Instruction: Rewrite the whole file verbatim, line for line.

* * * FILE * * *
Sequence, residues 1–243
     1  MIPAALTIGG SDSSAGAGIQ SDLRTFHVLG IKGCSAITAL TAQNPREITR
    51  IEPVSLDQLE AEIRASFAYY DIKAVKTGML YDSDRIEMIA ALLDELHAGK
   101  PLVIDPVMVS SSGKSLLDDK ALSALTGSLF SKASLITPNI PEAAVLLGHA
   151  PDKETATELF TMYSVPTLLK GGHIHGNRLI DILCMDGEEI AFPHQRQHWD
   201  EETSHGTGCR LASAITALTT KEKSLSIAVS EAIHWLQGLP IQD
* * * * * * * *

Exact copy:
Sequence, residues 1–243
     1  MIPAALTIGG SDSSAGAGIQ SDLRTFHVLG IKGCSAITAL TAQNPREITR
    51  IEPVSLDQLE AEIRASFAYY DIKAVKTGML YDSDRIEMIA ALLDELHAGK
   101  PLVIDPVMVS SSGKSLLDDK ALSALTGSLF SKASLITPNI PEAAVLLGHA
   151  PDKETATELF TMYSVPTLLK GGHIHGNRLI DILCMDGEEI AFPHQRQHWD
   201  EETSHGTGCR LASAITALTT KEKSLSIAVS EAIHWLQGLP IQD